To fans of the time-travel genre, Raimy Sullivan (Peyton List) is pretty much a perfect example of what not to do when you mess with time.

Much like Barry Allen (Grant Gustin) on “The Flash,” Raimy has decided that she’s going to fix her life, save her parents and save the day with her newfound time-traveling radio. In other words, screw the consequences!

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One thing we appreciate about “Frequency’s” take on time travel is that they’re doing an excellent job of preserving causality, despite their many timelines. For example, in the pilot we saw the Nightingale Killer hone in on Ramiy’s mother, Julie (Devin Kelley) when she bumped into him in the elevator during her hospital visit with Frank (Riley Smith). A visit that never occurred in the timeline where Frank died, thus ensuring Julie’s survival.

Next, we see Raimy’s directive for Frank to look into Thomas Goff (Michael Charles Roman) lead to Maya Gowen’s (Alexandra Metz) escape, which presumably never happened even in the new timeline. But like a totally demented butterfly effect, Frank’s visit ends up freeing Maya, leading Goff and his family to move away from the estate Raimy had just visited a day earlier.

To drive the point home, we learn Julie is the one to introduce Raimy to Daniel (Daniel Bonjour) in the original timeline, which obviously never happens if she dies in 1997. That means bye-bye cute boyfriend and impending proposal.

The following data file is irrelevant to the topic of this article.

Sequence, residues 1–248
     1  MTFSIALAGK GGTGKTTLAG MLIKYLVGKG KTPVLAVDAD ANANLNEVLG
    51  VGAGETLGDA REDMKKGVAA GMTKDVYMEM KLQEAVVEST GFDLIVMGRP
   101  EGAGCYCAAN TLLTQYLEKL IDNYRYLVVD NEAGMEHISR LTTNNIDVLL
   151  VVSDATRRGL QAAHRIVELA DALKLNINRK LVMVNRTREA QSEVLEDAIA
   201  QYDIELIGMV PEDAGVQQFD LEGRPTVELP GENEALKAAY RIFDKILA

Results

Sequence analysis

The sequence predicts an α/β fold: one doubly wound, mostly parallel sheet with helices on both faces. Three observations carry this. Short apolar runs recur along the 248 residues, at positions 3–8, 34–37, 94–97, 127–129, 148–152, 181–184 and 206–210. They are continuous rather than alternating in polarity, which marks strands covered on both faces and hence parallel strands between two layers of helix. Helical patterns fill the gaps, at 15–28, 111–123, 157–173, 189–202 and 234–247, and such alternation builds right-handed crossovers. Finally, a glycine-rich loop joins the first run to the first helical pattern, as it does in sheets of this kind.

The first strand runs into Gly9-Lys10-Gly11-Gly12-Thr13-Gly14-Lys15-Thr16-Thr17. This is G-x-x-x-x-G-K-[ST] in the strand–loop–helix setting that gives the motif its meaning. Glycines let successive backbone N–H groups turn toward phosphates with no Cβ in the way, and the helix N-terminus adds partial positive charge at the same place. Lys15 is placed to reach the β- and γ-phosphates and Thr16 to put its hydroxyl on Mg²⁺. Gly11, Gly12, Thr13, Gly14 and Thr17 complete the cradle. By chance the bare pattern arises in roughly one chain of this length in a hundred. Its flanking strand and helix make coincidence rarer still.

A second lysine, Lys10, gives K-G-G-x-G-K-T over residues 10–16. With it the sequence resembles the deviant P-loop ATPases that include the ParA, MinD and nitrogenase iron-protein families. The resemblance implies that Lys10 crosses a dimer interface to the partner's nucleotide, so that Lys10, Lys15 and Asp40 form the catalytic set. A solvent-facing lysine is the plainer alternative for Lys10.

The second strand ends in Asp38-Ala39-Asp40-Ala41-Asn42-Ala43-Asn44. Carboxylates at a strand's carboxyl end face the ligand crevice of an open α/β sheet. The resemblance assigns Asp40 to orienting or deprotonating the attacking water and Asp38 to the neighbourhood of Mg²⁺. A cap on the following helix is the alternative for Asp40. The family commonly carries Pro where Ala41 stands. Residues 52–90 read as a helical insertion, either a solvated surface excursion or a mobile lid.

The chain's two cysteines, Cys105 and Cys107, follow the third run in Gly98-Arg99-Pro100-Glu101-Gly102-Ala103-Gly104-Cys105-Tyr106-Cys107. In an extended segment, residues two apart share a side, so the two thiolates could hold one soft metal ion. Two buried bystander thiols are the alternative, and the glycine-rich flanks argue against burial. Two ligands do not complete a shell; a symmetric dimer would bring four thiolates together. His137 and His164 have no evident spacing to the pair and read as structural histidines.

This show is being very direct about cause and effect and how it can steer the timeline in a new and dangerous direction, which is a major bonus in the time-travel column. There’s nothing worse than murky explanations for what causes changes in the timeline and why.

We just wish Raimy hadn’t decided to stop being so reckless at the very moment her dad needed her to prove he wasn’t totally insane. Kind of a buzzkill.

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One thing that seems like a bit of letdown is the fact that we now know definitively who the Nightingale Killer really is.

In the original film, it didn’t take very long for Frank to track down this killer thanks to future knowledge of when and where he would strike, but Raimy seems to hone in on Goff right from the start. In less than 2 episodes, we’ve solved the mystery of the Nightingale Murders, even if Raimy and Frank haven’t quite caught the bad guy yet.

There’s still lots of plot left — and her mother’s murder to stop — but it feels like this reveal was rushed way too soon.

If, heaven forbid, “Frequency” doesn’t get a full 22 episode order this year, then the break-neck pace of the plot will make more sense. However, if they do, it’s going to be interesting to watch them stretch this hunt for Nightingale out for 20 more episodes now that the biggest part of the mystery is essentially solved.

“Frequency” airs Wednesdays at 9 p.m. ET/PT on The CW.

Posted by:Lindsay MacDonald

Lindsay MacDonald is a Los Angeles based entertainment reporter with an affinity for CW superheroes. She graduated from Pepperdine University with a major in Media Studies and a borderline unhealthy obsession with TV in 2012. She would much rather spend the day binge-watching ‘The Flash’ or sorting ‘Game of Thrones’ characters into Hogwarts houses than venturing outdoors. TV words to live by: “Never ignore coincidence. Unless, of course, you’re busy. In which case, always ignore coincidence.”